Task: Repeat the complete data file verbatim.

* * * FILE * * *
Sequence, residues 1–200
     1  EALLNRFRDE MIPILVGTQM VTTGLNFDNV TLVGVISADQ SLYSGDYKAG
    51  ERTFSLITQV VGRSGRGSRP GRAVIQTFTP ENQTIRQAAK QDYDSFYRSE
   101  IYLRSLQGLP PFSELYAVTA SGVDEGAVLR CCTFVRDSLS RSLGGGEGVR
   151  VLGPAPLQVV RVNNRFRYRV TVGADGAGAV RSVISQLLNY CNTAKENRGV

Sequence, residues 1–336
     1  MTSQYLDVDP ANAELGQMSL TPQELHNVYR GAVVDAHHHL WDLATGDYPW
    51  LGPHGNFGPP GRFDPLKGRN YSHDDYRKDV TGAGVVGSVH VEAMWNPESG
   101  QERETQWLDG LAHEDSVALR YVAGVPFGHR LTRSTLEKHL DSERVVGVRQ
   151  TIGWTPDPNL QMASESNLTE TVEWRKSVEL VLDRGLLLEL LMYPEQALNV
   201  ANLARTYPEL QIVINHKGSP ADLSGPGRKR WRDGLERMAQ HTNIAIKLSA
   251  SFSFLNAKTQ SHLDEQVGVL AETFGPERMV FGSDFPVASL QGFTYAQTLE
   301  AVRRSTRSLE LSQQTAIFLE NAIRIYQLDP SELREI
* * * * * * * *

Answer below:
Sequence, residues 1–200
     1  EALLNRFRDE MIPILVGTQM VTTGLNFDNV TLVGVISADQ SLYSGDYKAG
    51  ERTFSLITQV VGRSGRGSRP GRAVIQTFTP ENQTIRQAAK QDYDSFYRSE
   101  IYLRSLQGLP PFSELYAVTA SGVDEGAVLR CCTFVRDSLS RSLGGGEGVR
   151  VLGPAPLQVV RVNNRFRYRV TVGADGAGAV RSVISQLLNY CNTAKENRGV

Sequence, residues 1–336
     1  MTSQYLDVDP ANAELGQMSL TPQELHNVYR GAVVDAHHHL WDLATGDYPW
    51  LGPHGNFGPP GRFDPLKGRN YSHDDYRKDV TGAGVVGSVH VEAMWNPESG
   101  QERETQWLDG LAHEDSVALR YVAGVPFGHR LTRSTLEKHL DSERVVGVRQ
   151  TIGWTPDPNL QMASESNLTE TVEWRKSVEL VLDRGLLLEL LMYPEQALNV
   201  ANLARTYPEL QIVINHKGSP ADLSGPGRKR WRDGLERMAQ HTNIAIKLSA
   251  SFSFLNAKTQ SHLDEQVGVL AETFGPERMV FGSDFPVASL QGFTYAQTLE
   301  AVRRSTRSLE LSQQTAIFLE NAIRIYQLDP SELREI